A lake colour = A Lake pigment is an insoluble material that colours by dispersion. Lakes are basically a pigment which has been manufactured from a dye by precipitating a soluble dye with a metallic salt. The resulting pigment is called a lake pigment

Water Soluble Dyes

This is Amethyst from Fizz Fairy. Now these water soluble dyes, they are a powder form. The colour that you see in the powder will not necessarily represent the colour that will come out in the water. Water soluble dyes always show their true colours in water because essentially they’re water soluble. When you’re using water soluble dyes in a bath bomb, your bomb might not look vibrant if you’re just mixing it into your dry ingredients, the dye, rubbing it, whatever. You’ll get a nicely coloured bath bomb. It might not look that vibrant, but once it hits the water, the vibrancy will be there. The colour will come right off your bath bomb.

Your water will be amazingly coloured and it will be wonderful. Now, if you want the same vibrancy that you would get from a Lake in your initial bath bomb, then you need to bloom your baking soda. What I mean by blooming your baking soda is you take your water soluble dye. You mix it into some hot water and you make yourself essentially water, coloured water. Right? Now you mix the water into your baking soda and you mix it and mix it and mix it until your baking soda is a vibrant, beautiful colour.

water soluble dyes = A range of vibrant water soluble dyes with many purposes. Mostly for use in Bath Bombs, Soaps, Bubble bars, Whipped Soap, Sugar Scrubs etc.

Blooming Baking Soda

But now your baking soda is very wet. It’s bloomed. So you have to leave it out to dry. I would say 24 to 48 hours. And then once you do, you will have coloured baking soda that you can now use to make your bath bombs. Now just as an example, I have some bloomed baking soda here. So this is me using yellow. You see it’s in some clumps because when it does dry, you might get some clumps, but typically you sift all your ingredients anyway, when you’re making bath bombs.

So it’s not much of a problem. Now I will show you what happens when we mix the water soluble dye. And this is significantly less than I used for the Lake or the Mica. Now this is what happens when we mix it with the water. So you’ll see instant coloor. Now there’s no film. There’s no pooling. There’s just instantly a colour payoff. It won’t stain the spoon, it won’t stain your bath, it won’t stain people. It’s a really good dye to use when making bath bombs.

Synthetic Mica

The next thing I’m going to talk about is synthetic Mica. Now it’s proper name is synthetic fluorphlogopite. It’s is a powder. It is a mineral. It’s very shimmery, very shiny. And when you add it to your water, you get what kind of looks like shimmery lava, beautifulness. Now it is a Mica, so again, you will need to use polysorbate 80 just to be on the safe side to not stain. Well, you wouldn’t typically stain if you’re using white, but just to, not to leave a film or a ring around the tub. So to show you what I mean is we will mix it then we will see. Now, is that not crazy? You get that beautiful lava type water. I don’t think lava shimmers at all, but it’s sparkly fairy mermaid water. The synthetic Mica is a little pricy but does give some great effects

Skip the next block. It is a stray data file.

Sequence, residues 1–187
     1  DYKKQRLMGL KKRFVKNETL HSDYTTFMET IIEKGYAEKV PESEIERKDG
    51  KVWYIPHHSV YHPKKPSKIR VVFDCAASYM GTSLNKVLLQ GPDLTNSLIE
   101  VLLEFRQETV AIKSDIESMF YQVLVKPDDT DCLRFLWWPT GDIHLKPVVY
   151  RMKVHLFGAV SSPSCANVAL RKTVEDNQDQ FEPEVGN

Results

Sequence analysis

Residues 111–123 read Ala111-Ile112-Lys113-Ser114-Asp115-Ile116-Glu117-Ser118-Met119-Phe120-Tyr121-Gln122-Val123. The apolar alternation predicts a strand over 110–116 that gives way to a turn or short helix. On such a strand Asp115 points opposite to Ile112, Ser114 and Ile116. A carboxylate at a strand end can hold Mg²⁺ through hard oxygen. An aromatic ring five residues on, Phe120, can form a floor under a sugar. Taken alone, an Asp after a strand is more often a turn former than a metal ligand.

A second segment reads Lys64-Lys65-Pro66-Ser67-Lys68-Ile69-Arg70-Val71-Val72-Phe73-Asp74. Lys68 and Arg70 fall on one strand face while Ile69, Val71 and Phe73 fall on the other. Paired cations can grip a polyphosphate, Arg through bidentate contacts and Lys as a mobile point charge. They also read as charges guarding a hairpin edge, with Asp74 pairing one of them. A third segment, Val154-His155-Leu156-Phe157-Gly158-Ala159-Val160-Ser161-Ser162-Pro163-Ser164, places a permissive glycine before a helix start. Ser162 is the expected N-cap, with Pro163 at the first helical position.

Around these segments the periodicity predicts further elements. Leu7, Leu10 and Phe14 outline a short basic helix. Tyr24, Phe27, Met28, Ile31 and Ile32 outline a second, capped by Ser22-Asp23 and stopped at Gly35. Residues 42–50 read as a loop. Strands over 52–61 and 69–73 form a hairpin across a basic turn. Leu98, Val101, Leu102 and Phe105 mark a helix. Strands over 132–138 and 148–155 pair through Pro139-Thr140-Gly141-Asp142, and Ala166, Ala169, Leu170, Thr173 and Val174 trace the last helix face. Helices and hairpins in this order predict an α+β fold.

Colourants Conclusion

These are the types of colourants that we typically use. I will typically use water soluble dyes in my bath bombs, in my bubble bars, in my bubble bath. I will not use them in body products like a body butter. I have done that mistakenly the first time I ever made body butter. And it stained someone because water soluble dye on direct contact with skin, so not dispersed in water, will stain.

So it needs to be dispersed in water. So typically in a bath or yeah. For scrubs, things like that, you might use tiny, tiny bit of the water soluble dye because they are kind of water based. But mostly I try to use Micas for body products. And I use Micas in bath oils as well, because it gives that beautiful shimmer. It’s awesome to use Lakes and water soluble dyes together to get really vibrant bombs with really vibrant colour.

If you’re using polysorbate 80 and also adding some shimmer. There are different kinds of shimmer products. There are larger grains that’ll give you more like a glitter effect. This is very fine so it gives you more that shimmer.

Every question answered on bath bombs